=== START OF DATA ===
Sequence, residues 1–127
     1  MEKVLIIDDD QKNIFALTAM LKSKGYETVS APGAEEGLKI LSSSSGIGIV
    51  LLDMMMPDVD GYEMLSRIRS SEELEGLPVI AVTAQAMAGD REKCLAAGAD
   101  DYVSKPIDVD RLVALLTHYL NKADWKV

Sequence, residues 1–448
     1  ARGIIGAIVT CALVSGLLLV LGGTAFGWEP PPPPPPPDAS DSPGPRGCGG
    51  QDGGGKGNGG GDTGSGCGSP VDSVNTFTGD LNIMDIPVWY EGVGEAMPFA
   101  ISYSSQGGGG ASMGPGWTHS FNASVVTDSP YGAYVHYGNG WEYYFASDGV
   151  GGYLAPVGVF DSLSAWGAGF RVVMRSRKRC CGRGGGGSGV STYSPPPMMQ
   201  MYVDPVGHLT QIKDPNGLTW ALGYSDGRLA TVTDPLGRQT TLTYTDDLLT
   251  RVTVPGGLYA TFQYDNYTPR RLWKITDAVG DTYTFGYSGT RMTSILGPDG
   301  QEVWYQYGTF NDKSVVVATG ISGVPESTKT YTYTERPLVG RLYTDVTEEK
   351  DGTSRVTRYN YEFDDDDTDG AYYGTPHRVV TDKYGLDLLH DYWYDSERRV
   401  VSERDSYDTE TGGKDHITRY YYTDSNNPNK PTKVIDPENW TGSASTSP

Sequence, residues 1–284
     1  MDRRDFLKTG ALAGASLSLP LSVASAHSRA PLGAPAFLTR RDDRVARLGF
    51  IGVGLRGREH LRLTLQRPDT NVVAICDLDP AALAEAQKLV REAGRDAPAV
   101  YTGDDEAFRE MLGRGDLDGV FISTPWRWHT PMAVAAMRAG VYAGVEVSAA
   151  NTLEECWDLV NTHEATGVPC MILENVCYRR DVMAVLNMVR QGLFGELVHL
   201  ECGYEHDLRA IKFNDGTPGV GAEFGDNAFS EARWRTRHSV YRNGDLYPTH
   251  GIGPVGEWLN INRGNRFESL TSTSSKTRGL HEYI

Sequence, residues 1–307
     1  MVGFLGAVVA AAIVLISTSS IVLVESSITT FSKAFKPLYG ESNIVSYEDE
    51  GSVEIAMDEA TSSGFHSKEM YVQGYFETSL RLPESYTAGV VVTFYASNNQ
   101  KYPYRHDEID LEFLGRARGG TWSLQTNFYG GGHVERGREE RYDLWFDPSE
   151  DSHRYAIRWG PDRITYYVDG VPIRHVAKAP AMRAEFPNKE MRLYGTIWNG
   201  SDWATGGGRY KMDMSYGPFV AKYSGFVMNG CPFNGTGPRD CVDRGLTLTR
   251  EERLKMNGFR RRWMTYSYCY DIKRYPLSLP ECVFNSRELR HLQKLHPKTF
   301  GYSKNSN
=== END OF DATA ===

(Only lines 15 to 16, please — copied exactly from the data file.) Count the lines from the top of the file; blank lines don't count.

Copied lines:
Sequence, residues 1–284
     1  MDRRDFLKTG ALAGASLSLP LSVASAHSRA PLGAPAFLTR RDDRVARLGF